charles schulz

The TV special nearly didn't happen, but cartoonist Charles Schulz stood by his beliefs.
Fifty years ago, on October 27, 1966, It's The Great Pumpkin, Charlie Brown debuted on CBS. A lot was riding on the success of this animated feature.
The Snoopy Plate was created in California following legislation in 2013. Proceeds from the sales go to the California Cultural and Historical Endowment to help museums make capital improvements to their facilities, which helps keep their doors open to the public.
Lucy tries primal scream therapy; raises fee to six cents. Schroeder goes "electric," Pete Seeger chases after him with an axe. Russians launch surprise first strike, Linus and Lucy catch nuclear ash on their tongues
One of those sponsors, Coca-Cola, became interested in Peanuts again and asked Mendelson to work up a pitch for a Christmas special featuring the characters. Mendelson very quickly jotted down ideas and many of his initial ideas made their way into the special (most notably "sad tree").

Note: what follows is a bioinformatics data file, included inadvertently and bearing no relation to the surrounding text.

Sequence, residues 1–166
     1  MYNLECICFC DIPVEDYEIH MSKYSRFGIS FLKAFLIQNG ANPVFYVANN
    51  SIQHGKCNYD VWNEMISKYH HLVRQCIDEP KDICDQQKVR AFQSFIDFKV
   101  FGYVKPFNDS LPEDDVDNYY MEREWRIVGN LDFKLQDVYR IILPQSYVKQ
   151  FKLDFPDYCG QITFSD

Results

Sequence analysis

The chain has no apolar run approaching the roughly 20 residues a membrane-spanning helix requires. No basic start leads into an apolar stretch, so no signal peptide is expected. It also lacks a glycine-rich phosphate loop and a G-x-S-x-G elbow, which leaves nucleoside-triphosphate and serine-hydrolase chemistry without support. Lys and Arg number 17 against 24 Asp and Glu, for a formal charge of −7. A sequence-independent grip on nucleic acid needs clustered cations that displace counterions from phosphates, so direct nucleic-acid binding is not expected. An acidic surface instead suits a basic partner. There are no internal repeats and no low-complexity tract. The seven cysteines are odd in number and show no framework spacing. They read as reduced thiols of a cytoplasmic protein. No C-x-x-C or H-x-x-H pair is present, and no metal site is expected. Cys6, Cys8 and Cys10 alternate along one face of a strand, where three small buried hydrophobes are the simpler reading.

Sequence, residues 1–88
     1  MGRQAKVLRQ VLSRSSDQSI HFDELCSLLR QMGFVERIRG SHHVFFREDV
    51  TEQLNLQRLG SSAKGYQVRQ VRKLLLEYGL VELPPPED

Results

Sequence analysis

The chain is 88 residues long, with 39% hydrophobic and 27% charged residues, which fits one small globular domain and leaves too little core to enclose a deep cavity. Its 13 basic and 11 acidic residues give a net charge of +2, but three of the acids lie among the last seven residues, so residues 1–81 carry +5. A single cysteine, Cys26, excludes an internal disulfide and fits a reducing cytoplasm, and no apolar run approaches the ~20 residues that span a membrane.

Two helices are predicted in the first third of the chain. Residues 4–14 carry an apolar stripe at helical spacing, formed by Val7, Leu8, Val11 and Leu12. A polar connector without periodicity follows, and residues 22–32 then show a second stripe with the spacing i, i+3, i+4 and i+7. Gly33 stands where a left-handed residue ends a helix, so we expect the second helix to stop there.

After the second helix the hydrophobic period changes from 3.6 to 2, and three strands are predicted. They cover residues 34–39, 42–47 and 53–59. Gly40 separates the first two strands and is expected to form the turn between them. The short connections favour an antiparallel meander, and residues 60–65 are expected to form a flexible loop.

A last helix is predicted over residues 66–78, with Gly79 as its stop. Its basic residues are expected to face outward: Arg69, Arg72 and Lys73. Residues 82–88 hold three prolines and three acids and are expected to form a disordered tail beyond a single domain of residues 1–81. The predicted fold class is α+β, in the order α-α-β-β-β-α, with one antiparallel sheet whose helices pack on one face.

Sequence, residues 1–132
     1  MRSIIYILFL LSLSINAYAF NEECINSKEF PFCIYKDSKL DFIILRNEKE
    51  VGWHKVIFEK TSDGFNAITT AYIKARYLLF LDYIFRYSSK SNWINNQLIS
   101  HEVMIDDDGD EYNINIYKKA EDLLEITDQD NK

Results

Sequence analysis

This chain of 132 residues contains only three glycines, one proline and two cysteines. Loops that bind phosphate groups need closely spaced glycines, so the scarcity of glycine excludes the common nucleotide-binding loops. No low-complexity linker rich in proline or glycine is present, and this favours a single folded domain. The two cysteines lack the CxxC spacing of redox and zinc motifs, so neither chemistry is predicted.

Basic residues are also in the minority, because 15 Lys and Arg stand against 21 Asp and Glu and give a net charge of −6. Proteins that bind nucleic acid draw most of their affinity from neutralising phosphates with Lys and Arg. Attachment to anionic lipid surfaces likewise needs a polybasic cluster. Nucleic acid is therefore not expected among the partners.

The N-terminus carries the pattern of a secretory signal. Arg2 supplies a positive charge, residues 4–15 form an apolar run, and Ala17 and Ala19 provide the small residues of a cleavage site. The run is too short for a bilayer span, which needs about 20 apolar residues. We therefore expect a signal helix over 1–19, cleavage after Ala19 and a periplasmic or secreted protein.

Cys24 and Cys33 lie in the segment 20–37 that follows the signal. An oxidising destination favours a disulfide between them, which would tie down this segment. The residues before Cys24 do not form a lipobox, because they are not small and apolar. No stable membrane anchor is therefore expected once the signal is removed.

Since this is the shopping "holiday" Cyber Monday, which follows the more grimly named Black Friday, we should perhaps listen to the message of A Charlie Brown Christmas, which tonight on ABC marks its 50th anniversary as a television classic.
This October marks 65 years since the first publication of Charles M. Schulz' Peanuts. Decades have passed, yet the diffident and often times wistful Charlie Brown still holds a place in the hearts of millions.
Charlie Brown and the gang know how to celebrate Christmas, Halloween and every holiday in between with classic "Peanuts
The character of Peppermint Patty was inspired by Patricia Swanson, one of Schulz's cousins on his mother's side. Schulz